"Thinking and practice in the UK retirement sector has long lagged behind innovation in Australia, Scandinavia, the US and New Zealand. Retirement villages have been popular for decades in these countries. However in the UK, there are still relatively few implying there are strong prospects for growth as the concept becomes better understood.
"The growth in popularity of retirement villages stems, fairly obviously, from our increasingly ageing population and the growing assets its holds, but also from a growing tendency for older people to place a positive emphasis on the need for security, socialising opportunities and convenience. The need to release equity through a downsizing move may also impel a greater shift towards specialised retirement housing."
In the UK, the majority of the over-65s (89%) live in "mainstream housing". Just 6% (that is some 500,000 households) live in specialist retirement housing and 5% (some 400,000 units) live in institutions for example residential care or nursing care accommodation.
Bailey said: "Most people who retire do so as owner occupiers in mainstream housing. Recent studies have confirmed that the decision to move to retirement housing is almost always due to bereavement, frailty or the desire for close proximity to relations. A general definition of retirement housing would refer to purpose-built or converted accommodation for sale or rent to old people with a range of housing and care, social or recreational services provided. There are many options, but there is a real opportunity for purpose-built retirement housing, especially the retirement village concept, as long as developers get it right and account for modern day requirements.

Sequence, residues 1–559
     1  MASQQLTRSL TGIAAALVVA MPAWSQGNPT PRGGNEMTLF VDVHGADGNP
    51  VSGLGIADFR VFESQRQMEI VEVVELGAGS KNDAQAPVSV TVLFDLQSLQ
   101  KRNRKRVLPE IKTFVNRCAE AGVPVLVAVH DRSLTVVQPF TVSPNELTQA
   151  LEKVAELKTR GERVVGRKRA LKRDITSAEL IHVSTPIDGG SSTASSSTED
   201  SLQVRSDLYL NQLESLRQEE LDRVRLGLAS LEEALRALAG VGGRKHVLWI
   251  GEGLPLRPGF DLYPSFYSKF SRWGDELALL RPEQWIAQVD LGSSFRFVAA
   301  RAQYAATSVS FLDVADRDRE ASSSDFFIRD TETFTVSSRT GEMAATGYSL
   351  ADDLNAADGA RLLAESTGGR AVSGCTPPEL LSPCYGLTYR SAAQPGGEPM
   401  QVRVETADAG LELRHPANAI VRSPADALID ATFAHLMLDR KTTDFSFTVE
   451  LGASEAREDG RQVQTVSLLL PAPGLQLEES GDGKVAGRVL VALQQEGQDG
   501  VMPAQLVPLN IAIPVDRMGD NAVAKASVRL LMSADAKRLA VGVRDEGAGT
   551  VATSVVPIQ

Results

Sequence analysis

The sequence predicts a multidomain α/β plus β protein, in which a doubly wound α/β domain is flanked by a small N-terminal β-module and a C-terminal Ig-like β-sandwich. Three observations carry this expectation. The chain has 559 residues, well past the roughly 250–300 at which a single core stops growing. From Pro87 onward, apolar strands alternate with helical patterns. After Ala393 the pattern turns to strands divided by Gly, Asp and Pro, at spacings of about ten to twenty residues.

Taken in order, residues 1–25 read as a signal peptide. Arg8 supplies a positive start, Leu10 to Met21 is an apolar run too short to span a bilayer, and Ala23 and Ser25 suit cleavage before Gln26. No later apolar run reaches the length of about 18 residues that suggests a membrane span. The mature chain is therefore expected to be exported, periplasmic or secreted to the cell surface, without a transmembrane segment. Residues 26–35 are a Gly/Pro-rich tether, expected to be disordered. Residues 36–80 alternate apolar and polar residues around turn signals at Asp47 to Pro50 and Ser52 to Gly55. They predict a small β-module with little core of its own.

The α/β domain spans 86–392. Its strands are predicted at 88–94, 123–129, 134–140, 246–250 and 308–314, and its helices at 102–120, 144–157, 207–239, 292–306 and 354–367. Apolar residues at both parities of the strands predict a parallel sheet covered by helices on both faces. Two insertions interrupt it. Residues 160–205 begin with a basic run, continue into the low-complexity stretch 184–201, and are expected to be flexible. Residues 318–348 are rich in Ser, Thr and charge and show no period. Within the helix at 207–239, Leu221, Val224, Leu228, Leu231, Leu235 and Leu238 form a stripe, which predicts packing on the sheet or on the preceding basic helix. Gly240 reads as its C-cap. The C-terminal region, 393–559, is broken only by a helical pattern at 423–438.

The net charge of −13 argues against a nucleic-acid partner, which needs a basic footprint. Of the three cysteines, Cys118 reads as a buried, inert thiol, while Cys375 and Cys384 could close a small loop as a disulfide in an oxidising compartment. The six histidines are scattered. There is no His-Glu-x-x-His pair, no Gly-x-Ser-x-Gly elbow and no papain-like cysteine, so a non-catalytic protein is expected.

"People aged over 60 are living longer, healthier and more active lives, and this will have a dramatic impact on the housing requirements for this age group.
"Space demands are changing. Design must acknowledge that the social habits of older people now reflect those of the wider population in that their social networks are spread across the country – with the consequent need to accommodate visitors.
"Also a growing proportion aged over 60 still work; many will be engaged in part-time consultancy based at home and therefore require extra space for their work/hobbies."
The retirement age is to be raised to 66 in 2020 (eventually 68 in 2045) to reflect modern life expectancy (if Conservatives come into power they are saying this will happen from 2016, at least for men).